Juilliard-trained clarinetist Paul Green’s exuberant playing, in particular, was spot-on and as spirited — in a Klezmery way — as one could possibly require. Not all classically-trained clarinetists are capable of performing Klezmer-inflected music convincingly, but Green has unquestionably mastered the style.  — Berkshire Edge

Like a cobra intent on doing some charming of its own, the clarinetist Paul Green weaved, darted and hovered over his instrument at his recital in Merkin Concert Hall…timesconjuring gorgeous sounds. – James R. Oestreich, The New York Times

Mr. Green is a superb artist. His command of the instrument is both masterful and insightful. Mr. Green is an expressive and imaginative player, adding a perfect balance of spontaneity and intelligence to his playing. His tone has a wide variety of colors. His repertoire is extensive and varied, going from the standard classical clarinet solo and orchestral literature to other styles, in particular Klezmer and Jazz. Claudio Jaffe, Dean, Lynn University School of Music

It was a delight to have you…performing examples of klezmer music. It was a wonderful enhancement to the lecture, and our patrons were very pleased. Cece Daratany, Education Associate Curriculum, Kravis Center for the Performing Arts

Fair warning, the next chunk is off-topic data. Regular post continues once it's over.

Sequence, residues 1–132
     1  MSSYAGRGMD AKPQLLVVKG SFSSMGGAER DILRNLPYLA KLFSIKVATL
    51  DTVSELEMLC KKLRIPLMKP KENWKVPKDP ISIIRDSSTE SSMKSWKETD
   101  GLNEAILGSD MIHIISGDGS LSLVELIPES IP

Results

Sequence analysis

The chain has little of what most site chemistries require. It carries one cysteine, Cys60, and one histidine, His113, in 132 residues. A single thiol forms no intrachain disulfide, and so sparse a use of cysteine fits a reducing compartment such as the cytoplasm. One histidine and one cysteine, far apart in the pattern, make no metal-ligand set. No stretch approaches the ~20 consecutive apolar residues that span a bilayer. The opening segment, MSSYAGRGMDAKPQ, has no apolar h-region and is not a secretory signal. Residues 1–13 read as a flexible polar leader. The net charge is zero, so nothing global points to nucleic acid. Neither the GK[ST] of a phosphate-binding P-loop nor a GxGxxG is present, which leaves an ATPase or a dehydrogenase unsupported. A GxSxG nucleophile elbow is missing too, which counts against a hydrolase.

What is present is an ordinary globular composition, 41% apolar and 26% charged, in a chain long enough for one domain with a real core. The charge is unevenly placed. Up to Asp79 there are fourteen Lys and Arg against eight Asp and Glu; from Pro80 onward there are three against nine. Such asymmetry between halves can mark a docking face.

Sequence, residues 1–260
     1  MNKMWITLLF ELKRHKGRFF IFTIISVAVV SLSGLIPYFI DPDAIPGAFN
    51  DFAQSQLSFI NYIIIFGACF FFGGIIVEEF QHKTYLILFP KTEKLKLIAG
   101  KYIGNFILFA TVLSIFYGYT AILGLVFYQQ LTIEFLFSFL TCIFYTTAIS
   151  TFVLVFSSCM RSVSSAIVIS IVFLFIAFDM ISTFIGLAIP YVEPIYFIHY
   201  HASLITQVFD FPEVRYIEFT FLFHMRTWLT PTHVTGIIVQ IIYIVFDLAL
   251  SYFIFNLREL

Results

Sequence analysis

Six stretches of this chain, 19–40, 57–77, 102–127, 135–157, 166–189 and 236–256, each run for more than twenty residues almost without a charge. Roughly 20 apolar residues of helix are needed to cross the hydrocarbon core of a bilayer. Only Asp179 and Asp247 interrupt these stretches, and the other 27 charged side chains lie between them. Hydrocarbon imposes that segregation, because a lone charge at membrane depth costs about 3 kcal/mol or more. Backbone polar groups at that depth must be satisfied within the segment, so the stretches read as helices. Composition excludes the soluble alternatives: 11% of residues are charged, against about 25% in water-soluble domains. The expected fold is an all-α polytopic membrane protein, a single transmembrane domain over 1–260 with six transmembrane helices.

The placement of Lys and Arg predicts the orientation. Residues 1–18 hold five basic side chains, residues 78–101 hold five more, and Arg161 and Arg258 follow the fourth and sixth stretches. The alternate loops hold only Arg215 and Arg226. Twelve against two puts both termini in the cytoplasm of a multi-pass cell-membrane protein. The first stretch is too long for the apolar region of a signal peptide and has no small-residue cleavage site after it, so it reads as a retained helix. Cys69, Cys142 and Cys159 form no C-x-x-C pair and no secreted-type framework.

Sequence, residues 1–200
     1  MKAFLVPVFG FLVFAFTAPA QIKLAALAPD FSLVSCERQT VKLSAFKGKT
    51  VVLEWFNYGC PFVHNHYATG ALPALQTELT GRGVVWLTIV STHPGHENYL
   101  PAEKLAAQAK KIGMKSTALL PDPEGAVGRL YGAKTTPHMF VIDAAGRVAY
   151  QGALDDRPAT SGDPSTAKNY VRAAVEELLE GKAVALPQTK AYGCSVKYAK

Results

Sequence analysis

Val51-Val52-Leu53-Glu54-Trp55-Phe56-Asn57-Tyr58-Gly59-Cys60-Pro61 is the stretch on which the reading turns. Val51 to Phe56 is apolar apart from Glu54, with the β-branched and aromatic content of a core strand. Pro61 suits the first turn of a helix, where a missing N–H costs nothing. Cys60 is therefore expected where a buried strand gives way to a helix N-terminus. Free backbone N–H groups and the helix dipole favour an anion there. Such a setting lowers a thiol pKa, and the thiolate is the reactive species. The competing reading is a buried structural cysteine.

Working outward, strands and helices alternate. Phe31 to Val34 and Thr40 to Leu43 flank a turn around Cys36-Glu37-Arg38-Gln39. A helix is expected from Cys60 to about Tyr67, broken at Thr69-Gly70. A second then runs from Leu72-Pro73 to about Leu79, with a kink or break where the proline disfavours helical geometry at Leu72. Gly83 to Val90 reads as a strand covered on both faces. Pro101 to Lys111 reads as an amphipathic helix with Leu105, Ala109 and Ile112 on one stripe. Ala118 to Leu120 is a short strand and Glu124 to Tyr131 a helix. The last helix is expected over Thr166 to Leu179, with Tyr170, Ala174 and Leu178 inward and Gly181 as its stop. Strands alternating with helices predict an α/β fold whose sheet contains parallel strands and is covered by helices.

Poulenc’s sonata was brilliantly played by Green.South Florida Sun-Sentinel

Green’s keening clarinet and full-metal advocacy were dazzling in the finale.South Florida Sun-Sentinel

Aaron Copland’s Clarinet Concerto featured principal Paul Green in a beautiful performance. Green’s clarinet soared with gorgeous tone in the slow, angular melody of the first section….This was the orchestra’s best playing of the evening, and the soloist was superb.Vero Beach Press Journal

Aaron Copland’s Clarinet Concerto, however, was a complete success, with clarinetist Paul Green’s genuinely brilliant, idiomatic soloist, especially in the saucy jazzy movement.The Miami Herald

A badly played clarinet is about as kind to the ear as a fingernail slithering across a chalkboard. But with the hands and breath of a master, that instrument can purr and wail and soar with magical beauty. Paul Green is such a master, which makes his performance this week of Copland’s exquisitely crafted Clarinet Concerto with the Symphony of the Americas quite enticing.South Florida Sun-Sentinel